A perfect example of that situation is when creating photographs of birds in flight.

Harris Hawk in flight - Photography Workshops

Harris Hawk in flight
ISO 1600 | f/6.3 | 1/4000 sec. | Manual mode | AI servo rear focusing
This photograph was created with the Canon 600mm f/4 L IS II USM lens (Canon 600mm f/4 L IS II USM review), the Canon EOS 5D mark III on a gimbal head over tripod. Have a look at the equipment I typically carry with me.

Birds in flight will move from one background to the other, from blue sky to tree line, to ocean waves and so on. The issue with using the semi-automatic modes (Av, Tv), is that they are designed to blend all tones into an ideally exposed grey tone. That means that if your subject is white and your background is very dark, you will need to dial some negative exposure compensation in order to properly expose your photograph. Otherwise your white subject will end up being overexposed and the whites will be clipped in your histogram, leading to a non recoverable loss of information. So, your camera is constantly assessing the ideally exposed grey based on where you are pointing at, hence constantly re-assessing your bird during its flight. Of course, you are not likely to have time to adjust the exposure compensation between flying from the blue sky to the dark mangrove! So, it is very important to stick to fully manual mode, where your subject is going to be well exposed no matter what the background is.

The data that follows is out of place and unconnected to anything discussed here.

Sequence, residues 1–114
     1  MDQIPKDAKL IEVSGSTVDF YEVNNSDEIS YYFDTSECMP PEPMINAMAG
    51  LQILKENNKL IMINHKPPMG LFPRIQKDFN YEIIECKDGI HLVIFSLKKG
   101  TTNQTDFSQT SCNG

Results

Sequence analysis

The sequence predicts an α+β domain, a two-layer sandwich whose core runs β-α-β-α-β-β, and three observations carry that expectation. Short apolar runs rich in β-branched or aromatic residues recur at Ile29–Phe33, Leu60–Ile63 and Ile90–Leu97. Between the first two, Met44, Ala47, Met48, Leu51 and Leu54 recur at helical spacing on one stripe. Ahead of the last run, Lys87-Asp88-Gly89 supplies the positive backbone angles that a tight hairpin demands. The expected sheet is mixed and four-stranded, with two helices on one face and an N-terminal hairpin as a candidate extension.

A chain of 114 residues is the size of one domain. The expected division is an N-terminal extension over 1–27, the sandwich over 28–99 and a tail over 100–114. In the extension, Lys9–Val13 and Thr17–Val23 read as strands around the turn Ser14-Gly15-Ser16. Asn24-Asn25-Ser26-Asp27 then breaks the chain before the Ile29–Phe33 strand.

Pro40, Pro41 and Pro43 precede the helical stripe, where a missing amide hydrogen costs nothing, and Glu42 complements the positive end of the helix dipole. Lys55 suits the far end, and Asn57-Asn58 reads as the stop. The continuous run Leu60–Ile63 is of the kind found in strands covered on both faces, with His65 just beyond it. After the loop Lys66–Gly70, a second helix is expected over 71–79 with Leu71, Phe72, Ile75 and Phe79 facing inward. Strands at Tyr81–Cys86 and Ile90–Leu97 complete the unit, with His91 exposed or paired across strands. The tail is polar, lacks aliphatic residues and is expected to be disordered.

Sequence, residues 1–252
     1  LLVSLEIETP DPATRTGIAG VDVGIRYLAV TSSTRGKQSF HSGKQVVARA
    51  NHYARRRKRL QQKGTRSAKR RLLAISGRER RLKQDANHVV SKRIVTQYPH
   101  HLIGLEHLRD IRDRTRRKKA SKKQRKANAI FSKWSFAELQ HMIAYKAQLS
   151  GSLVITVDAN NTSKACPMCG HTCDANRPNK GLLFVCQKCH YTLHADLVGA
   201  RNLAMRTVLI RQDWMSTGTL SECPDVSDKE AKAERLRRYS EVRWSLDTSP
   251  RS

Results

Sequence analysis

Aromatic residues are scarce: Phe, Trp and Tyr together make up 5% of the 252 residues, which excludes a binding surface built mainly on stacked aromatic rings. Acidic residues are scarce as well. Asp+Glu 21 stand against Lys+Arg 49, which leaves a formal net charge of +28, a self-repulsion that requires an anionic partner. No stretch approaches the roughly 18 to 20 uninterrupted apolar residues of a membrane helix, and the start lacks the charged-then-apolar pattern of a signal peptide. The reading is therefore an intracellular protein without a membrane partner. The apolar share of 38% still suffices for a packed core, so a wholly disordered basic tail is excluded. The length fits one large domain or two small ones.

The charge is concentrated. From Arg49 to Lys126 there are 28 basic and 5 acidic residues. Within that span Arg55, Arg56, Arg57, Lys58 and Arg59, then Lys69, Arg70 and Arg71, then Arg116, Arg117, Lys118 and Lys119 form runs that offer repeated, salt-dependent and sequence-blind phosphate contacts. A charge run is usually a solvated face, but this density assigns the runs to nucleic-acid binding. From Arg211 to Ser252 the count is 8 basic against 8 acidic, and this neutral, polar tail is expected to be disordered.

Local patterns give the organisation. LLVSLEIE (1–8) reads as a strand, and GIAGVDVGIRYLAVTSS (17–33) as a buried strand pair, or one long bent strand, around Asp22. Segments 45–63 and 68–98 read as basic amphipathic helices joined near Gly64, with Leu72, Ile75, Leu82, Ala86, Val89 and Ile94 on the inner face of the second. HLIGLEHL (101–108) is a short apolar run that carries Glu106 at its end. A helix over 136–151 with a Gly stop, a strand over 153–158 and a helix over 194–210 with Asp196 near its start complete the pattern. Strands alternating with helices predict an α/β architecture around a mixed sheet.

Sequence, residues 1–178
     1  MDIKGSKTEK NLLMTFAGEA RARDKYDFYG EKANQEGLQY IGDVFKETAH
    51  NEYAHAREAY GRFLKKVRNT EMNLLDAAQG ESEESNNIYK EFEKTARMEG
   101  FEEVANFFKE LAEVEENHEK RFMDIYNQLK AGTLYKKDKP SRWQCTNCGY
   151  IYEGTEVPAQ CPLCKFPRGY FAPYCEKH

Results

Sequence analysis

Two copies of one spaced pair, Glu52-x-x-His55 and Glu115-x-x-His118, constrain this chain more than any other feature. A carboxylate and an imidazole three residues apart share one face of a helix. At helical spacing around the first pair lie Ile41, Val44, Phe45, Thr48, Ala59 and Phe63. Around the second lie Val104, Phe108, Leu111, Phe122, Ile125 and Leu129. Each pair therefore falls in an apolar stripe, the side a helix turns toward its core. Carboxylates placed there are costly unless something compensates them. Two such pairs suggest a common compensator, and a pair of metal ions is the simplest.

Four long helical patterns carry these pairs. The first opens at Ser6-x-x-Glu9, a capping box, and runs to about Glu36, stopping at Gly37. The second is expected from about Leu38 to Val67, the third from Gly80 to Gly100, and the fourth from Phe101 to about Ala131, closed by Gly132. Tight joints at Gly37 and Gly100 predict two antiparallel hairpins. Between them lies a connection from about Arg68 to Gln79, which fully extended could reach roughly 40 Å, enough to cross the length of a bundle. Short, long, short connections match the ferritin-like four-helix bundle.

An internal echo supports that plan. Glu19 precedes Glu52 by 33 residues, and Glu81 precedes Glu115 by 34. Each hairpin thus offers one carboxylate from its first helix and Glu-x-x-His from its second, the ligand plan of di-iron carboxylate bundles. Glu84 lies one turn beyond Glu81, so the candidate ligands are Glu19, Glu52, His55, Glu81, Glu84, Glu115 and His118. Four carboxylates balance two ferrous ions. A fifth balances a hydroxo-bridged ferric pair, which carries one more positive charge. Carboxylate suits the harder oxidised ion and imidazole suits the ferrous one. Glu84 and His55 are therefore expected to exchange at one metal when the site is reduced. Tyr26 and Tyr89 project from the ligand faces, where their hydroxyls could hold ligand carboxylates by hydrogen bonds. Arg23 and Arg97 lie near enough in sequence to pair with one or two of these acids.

2. Constant lighting & constant background

You may use any semi-automatic or fully manual mode without consequences in this scenario. My preference will go to fully manual though.

3. Changing lighting & changing background

Those are the most difficult situations. Let’s imagine a bird in flight close to the tree line, with the sun playing hide and seek with the clouds. I would lean towards fully manual with constant check of my histogram and adjustments of my shutter speed.

4. Changing lighting & constant background

If the lighting conditions are constantly changing, but the background is pretty much the same, I will opt for Av mode with a good judgement on which exposure compensation to dial in.

Galapagos Waved Albatross - Photography tour

Waved Albatross – Espanola Island, Galapagos Islands.
ISO 640 | f/5.6 | 1/8000 sec. | Av mode -1 EC | AI servo rear focusing
This photograph was created with the Canon 600mm f/4 L IS II USM lens (Canon 600mm f/4 L IS II USM review) with the 1.4x extender, the Canon EOS 5D mark III handheld. Have a look at the equipment I typically carry with me.

We had a constantly changing weather that morning on Espanola Island and I was focusing on this Albatross with the green grass as background. Instead of having to adjust the shutter speed back and forth as the sun came in and out, I opted for shooting in Av mode and dialing -1 in exposure compensation as my subject was lighter in tones than the background. Another good example would be to shoot in a rainforest, where the sun might be one second going through the foliage, and the other being blocked by a tree. Photography in those conditions will require the use of Av mode a lot more.

When do I use shutter priority or Tv mode?

Controlling the shutter speed is extremely useful when creating pleasing blurs!

Fort Desoto - Florida photography tour

Great Blue Heron blur – Fort Desoto, Florida.
ISO 100 | f/8 | 1/15 sec. | Tv mode | AI servo rear focusing